Home' Partners : Partners January 2013 Contents Fruit and vegetables boost
Fruit and vegetables have long been touted for their health benefits.
In the Philippines the virtues of horticulture now include the ability
to lift rural communities out of poverty.
nAcross the Philippines, smallholder farmers
have the opportunity to tap agricultural
science to improve farm profits from growing
fruit and vegetables.
nAssistance ranges across the supply chain,
from better managing soil nutrition, pests and
diseases through to establishing innovative
BY DR GIO BRAIDOTTI
Despite economic growth in the
Philippines of 5% during 2003--09,
the number of people living in
poverty increased from 20 million
to 23 million. In all, there are now
45 million Filipinos living on less than $2 a day.
Underlying these figures is a stark new
reality for poor rural communities: there is
relatively little new land available that is without
disputed ownership or generally suitable for
expanding agricultural production. In addition,
relative productivity growth on existing farming
systems has been low.
In May 2008, ACIAR launched the Philippines
Horticulture Program, a multidisciplinary series
of engagements with smallholder farmers
that leverages Australian and Philippine R&D
capability to identify opportunities across the
supply chain to improve farming profitability.
The program is run in conjunction with the
Philippine Council for Agriculture, Aquatic and
Natural Resources Research and Development
(PCAARRD) and includes innovations that better
link production practices to market demands
Les Baxter, ACIAR's research program
manager for horticulture, says the situation in
the Philippines is increasing pressure on Filipino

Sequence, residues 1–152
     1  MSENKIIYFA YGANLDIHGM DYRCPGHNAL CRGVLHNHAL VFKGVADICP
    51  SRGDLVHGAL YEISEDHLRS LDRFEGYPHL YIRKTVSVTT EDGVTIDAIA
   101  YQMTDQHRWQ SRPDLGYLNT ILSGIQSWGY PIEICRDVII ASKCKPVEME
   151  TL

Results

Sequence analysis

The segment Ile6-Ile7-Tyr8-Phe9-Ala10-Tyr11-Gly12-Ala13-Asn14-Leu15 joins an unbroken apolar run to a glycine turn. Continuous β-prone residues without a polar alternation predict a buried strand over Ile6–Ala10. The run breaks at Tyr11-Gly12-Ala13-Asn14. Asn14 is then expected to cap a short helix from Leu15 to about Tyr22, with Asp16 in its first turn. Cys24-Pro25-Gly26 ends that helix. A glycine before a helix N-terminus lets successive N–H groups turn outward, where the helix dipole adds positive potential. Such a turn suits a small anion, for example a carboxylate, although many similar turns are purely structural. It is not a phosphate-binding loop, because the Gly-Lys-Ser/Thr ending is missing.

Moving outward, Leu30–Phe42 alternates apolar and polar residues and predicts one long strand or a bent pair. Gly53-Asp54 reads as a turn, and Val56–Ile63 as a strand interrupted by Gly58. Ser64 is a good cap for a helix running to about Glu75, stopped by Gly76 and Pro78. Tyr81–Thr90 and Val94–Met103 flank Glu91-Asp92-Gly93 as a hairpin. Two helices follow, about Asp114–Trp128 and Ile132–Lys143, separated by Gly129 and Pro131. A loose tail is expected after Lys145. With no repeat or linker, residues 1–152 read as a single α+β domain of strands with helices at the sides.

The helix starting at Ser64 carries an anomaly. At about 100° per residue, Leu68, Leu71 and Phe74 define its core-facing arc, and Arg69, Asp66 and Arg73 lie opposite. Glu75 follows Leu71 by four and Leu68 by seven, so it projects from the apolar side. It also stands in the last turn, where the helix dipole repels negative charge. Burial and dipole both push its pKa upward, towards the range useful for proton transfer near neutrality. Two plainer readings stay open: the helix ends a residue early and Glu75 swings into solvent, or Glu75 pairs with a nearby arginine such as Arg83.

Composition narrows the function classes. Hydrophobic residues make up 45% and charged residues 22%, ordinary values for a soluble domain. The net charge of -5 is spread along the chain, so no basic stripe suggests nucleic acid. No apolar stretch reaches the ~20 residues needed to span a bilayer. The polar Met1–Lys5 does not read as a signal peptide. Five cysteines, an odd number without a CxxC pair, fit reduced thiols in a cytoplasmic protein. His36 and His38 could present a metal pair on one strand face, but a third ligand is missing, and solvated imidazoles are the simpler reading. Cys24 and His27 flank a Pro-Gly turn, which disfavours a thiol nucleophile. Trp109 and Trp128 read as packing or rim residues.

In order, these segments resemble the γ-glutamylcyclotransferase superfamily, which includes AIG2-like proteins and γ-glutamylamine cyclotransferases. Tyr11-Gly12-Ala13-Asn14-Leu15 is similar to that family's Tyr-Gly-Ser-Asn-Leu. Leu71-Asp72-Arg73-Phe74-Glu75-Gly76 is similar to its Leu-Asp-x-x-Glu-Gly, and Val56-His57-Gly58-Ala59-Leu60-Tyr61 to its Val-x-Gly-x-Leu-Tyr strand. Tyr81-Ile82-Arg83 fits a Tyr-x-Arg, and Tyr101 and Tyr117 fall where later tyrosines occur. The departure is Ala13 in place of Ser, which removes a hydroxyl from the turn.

farmers to diversify.
"Income-generating horticultural crops have
strong potential but have been held back for a
range of reasons," he says. "These include farmer
knowledge gaps about horticultural practices
and innovations all the way through to the
need for ways to mitigate climate and locality
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Pulvio Cabilladas has seen his income rise and costs fall
since getting involved in an ACIAR project.
impacts, such as heavy rainfall on sloping land."
While rice is the Philippines' dominant
agricultural crop, ACIAR undertook an extensive
country consultation process with PCAARRD
and looked at a range of food and income-
producing crops---especially for increasingly
marginal lands in the uplands---and found it was
fruit and vegetables that presented realisable
opportunities to raise farmers' income.
To better leverage horticulture's poverty-
reducing potential, the Philippines Horticulture
Program recruited the assistance of 27
research organisations from the Philippines
and Australia and 55 key researchers. They
have dealt with a broad range of production
and post-farm-gate issues, from developing
integrated crop management systems with
reduced chemical requirements and optimised
fertiliser use, through to improving postharvest
handling, quality, sanitation, marketing and
Dr Pat Faylon, PCAARRD executive director,
says that increasing the market competitiveness
of horticultural products can be achieved by
linking smallholders to markets and introducing
or expanding horticultural crops to achieve
"The Philippines horticulture program has
been helping smallholder farmers to overcome
key barriers to adoption of improved practices
for higher value fruit and vegetable crops.
Linking these farmers into local, domestic and
international markets has significant potential
to increase their livelihoods."
With support tailored to specific production
and market conditions, the program's impacts
on the ground have been as diverse as the
GROWING MORE WITH LESS
The Northern Mindanao region was identified
by the Philippines Horticulture Program as
an area with great potential for expanding
vegetable production. However, realising that
potential was contingent on best-practice
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